Wednesday, March 5, 2014

Self Portraits by Children

and Co-Founder of Context Method®

Beauty is the eye of the beholder… we've all heard that saying and never is it more true than when referencing a young child.

Confidence is in the eye of the beholder… think about that.
Any individual who achieves ongoing success, sees them self in a positive light.  Even when things go poorly, when there are challenges, the successful individual is able to retrieve, remember, and embrace a positive image of them self, both externally and internally.

I visit so many centers and work with so many children, that I sometimes make the mistake of thinking I was at one site, when in fact I was at another!  This images, which I at first said were from the Sunnyside Head Start center in Tucson, Arizona, are actually from the Homer Davis center in Tucson.  The children went through the process of creating self portraits.  It's part of an overall focus on building young children who can think critically and creatively and who see them self in the larger picture of life.  One by product is academic success. 

Here's one self portrait of a child at this center.  Anamaria draws two eyes, what looks like either a mouth or nose, and the outline of her face.  What comes to mind to me is:
  • Recognition of Shape
  • Recognition of Parts of the Face

A nice first step… good job Anamaria!

Next we have a self portrait by Sebastian.  I notice definition and details in this image and I also notice a subtle expression.  What do you notice?  I wonder what the child noticed.  What kinds of things can be taught via self portraits?  Some of the more basic things could include:
  • Fine motor skills
  • Recognition of shapes
  • Recognition of emotions
The child states : "I look good, I saw a hair and some ears and the mouth and the nose."

Next is a self portrait by Citlalli.  It's important to note that it's very helpful for certain kinds of foundational skills to be addressed prior to having children creating self portraits.  However, it's also important to note that's as adults we tend to over think the structure needed for children to be engaged in creating, and in doing so, learning on many levels.

Citlalli states, "My face, I have a crown, and eyes, the mouth and hair and feet and the clothes."

From my perspective as an early childhood educator, as an artist, and as someone who has worked with these very children over the past three years, I notice:

  • a depth of details being created
  • a sense of more emotion being present in the self portrait
  • the unseen arms and hands of this self portrait seem to be implied as being behind her back
  • the self portrait is signed by the artist!

When you ask an adult a question like "Who are you?" they typically respond with their name.  If you continue by saying, "Yes, I know you're name, but who are you?" some adults might be confused.  The younger the age of the person you ask these kinds of questions, the less strange it seems and usually the response comes more quickly.  The idea that our names are simply a place holder and that WE ARE MORE THAN OUR NAME, is an empowering idea.  For me, the process of creating self portraits is a great way to start this journey with young children.

Next is the image by Yazmiliana, who states, "I have eyes in my face, a mouth, hair and nose."  I notice more details, such as:

  • defined lips
  • defined eyes
  • a sense of openness implied by the shape of arms and body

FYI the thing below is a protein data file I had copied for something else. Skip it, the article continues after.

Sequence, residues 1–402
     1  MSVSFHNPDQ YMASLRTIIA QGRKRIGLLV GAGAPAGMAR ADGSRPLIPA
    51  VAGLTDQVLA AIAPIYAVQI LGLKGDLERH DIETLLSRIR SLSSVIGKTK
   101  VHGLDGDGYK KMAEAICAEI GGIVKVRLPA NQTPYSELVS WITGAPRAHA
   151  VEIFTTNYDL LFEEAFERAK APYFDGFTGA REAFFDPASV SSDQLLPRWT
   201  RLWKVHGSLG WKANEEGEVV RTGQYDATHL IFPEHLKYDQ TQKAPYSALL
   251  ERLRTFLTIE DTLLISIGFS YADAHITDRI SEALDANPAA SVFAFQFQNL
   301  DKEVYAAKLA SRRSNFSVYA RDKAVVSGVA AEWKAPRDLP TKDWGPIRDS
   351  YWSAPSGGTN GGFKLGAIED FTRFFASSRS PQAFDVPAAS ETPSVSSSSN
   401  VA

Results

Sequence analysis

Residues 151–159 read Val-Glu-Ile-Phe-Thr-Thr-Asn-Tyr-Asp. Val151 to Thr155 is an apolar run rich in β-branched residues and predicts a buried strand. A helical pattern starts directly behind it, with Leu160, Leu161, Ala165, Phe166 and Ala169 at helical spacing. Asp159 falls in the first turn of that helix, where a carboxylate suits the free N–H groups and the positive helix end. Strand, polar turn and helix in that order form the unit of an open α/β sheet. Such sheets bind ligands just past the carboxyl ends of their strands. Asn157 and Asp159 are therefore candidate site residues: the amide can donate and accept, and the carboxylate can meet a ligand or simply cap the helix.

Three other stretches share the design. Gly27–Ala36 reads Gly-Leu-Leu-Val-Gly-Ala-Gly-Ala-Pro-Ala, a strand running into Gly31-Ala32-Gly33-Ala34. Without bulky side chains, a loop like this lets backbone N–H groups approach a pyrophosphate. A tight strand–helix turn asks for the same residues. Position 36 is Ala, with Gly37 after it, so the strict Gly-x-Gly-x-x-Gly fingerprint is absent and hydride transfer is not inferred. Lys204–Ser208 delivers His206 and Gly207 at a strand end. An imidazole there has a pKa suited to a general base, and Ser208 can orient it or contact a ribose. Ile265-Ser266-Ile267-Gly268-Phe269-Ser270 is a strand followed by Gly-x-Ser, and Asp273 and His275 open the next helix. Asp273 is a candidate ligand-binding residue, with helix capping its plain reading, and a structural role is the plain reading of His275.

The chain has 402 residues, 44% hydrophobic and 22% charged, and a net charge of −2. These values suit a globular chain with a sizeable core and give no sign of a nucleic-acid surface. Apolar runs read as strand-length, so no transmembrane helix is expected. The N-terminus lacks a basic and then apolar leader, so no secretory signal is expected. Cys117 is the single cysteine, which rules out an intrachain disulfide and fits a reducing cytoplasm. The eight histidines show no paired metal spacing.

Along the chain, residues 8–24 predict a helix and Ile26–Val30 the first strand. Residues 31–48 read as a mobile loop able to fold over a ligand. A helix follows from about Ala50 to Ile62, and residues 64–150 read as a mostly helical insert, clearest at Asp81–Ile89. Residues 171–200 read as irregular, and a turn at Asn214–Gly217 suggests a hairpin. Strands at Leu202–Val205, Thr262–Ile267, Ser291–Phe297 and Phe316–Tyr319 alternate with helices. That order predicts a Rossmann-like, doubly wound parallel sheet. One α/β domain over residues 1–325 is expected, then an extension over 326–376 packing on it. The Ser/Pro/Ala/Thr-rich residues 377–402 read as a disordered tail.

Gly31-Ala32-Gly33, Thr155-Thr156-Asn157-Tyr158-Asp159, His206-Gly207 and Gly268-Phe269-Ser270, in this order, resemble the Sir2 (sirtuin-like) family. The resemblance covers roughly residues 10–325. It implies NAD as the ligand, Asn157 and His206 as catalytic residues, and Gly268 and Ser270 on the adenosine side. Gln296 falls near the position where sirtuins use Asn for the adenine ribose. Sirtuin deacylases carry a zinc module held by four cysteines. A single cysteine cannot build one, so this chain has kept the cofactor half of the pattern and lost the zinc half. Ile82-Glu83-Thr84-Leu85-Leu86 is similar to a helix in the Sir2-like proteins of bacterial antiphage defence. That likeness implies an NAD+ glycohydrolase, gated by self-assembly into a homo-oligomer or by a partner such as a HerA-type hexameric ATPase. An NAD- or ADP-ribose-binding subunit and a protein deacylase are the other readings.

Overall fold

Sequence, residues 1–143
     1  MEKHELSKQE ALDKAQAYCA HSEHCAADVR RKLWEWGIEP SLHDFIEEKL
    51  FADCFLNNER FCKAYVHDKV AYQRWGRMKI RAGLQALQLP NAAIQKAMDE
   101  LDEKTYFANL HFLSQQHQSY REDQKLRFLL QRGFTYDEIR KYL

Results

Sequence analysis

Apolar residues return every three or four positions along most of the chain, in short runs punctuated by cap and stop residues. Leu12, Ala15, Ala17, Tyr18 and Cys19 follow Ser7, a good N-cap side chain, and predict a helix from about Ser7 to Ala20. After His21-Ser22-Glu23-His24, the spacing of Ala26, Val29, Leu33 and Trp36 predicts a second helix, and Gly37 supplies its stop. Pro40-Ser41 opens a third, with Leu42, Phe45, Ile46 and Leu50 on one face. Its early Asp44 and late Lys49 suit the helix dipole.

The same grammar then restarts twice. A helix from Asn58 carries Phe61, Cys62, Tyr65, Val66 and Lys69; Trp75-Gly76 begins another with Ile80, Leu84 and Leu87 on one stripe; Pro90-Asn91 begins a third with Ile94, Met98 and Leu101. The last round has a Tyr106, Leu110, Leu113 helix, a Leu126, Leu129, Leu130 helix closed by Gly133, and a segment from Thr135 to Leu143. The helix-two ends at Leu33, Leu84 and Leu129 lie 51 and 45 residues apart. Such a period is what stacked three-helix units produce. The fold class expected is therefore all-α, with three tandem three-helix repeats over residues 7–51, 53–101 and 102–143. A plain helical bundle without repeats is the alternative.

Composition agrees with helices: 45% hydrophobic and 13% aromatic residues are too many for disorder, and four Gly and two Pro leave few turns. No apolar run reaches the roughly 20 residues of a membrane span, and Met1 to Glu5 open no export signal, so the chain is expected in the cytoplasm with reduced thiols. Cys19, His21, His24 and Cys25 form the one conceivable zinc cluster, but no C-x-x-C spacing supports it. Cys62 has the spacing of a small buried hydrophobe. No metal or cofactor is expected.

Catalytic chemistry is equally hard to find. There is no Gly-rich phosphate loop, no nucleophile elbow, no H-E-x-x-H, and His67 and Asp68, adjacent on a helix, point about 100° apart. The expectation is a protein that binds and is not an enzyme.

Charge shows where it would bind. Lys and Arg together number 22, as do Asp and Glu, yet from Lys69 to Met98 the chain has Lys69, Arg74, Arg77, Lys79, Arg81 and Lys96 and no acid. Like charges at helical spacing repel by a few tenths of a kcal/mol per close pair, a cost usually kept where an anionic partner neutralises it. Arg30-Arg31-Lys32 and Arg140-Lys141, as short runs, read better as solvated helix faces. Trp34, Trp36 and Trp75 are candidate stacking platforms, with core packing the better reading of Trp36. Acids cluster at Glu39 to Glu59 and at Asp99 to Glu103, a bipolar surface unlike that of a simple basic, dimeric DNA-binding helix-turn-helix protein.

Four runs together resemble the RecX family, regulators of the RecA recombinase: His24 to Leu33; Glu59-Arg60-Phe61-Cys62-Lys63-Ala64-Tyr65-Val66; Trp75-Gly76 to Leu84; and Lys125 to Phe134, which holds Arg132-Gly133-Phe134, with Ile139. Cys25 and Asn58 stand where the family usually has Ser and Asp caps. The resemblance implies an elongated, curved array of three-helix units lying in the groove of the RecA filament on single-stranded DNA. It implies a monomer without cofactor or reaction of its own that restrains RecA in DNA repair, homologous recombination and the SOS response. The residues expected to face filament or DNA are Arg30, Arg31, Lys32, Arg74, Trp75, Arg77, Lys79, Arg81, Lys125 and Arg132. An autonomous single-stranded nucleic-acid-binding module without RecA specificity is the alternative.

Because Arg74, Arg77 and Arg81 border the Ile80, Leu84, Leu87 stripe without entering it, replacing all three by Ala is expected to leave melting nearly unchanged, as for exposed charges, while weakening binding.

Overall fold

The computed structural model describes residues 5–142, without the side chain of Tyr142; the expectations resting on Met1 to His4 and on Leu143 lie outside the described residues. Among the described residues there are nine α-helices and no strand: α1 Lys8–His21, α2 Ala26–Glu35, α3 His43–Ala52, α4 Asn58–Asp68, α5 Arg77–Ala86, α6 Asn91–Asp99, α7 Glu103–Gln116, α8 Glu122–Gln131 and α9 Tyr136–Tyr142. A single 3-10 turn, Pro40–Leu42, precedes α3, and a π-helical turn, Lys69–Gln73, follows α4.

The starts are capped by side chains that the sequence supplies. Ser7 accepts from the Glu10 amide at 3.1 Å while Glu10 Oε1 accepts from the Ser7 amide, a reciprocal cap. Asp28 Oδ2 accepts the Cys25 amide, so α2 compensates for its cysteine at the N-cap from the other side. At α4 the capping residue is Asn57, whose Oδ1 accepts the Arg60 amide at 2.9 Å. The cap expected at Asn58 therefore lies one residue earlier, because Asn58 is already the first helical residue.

• a realistic version of hair

What would happen if you, as an adult guide, asked a child a questions like:

  • What else do you wear?
  • What do you look like when you're eating?
  • How do you feel when you're playing?  Can you draw it?

The questions are the answers which lead to life long learning.  Ask more questions and you'll be astounded by young learners.

The following self portrait is by Catheryne, who says "I draw me.  I have a mouth, a nose, eye lashes and long hair."  Along with the addition of eye lashes, and what appear to be shoes, this image makes me wonder:

  • "What's inside the stomach?"
  • "Is that the stomach?"
  • "You look very happy, and maybe even grateful, in this picture.  Why?"

The best frameworks, such as curriculums, in the world come groups of people who have experienced and studied "actual experiences."  I would love to hear your responses to my questions above and also your questions!  Feel free to post either on this blog or on Facebook group "Living Like a Child."

For the finale, we have the self portrait by Sissy, who says "I have two eyes in my face, a face, a happy face, a nose, one hair."  The idea of "one hair" is interesting.  Did she mean a single hair from each nostril?  Those certainly look like nose hairs.  Perhaps this comes from something she has seen.  Certainly, what Sissy shows us is a very clear interest in facial gesture, which is a huge part of social emotional growth.

I hope that I was able to convey at least a small part of the joy and depth of knowledge that can be achieved, not only through self portraits, but we trust our learners enough to ask more questions than the statements we make.  I'll leave you with the two word mantra of one of mentors, Mimi Chenfeld


Live Inspired
Co-Founder, Context Method®


  1. Enrique, I love this post! You can tell so much about a child from the way he or she sees himself. My favorite may be Citlalli's with the crown! That is what I always forget to draw in my pictures! :)
    Kindergarten: Holding Hands and Sticking Together

    1. Thanks! These children, all of them everywhere in the world, are so amazing and we can remember much of what we forget as adults in working with them. Have a great week!


We would love to hear from you! Please feel free to leave a comment below....

Related Posts Plugin for WordPress, Blogger...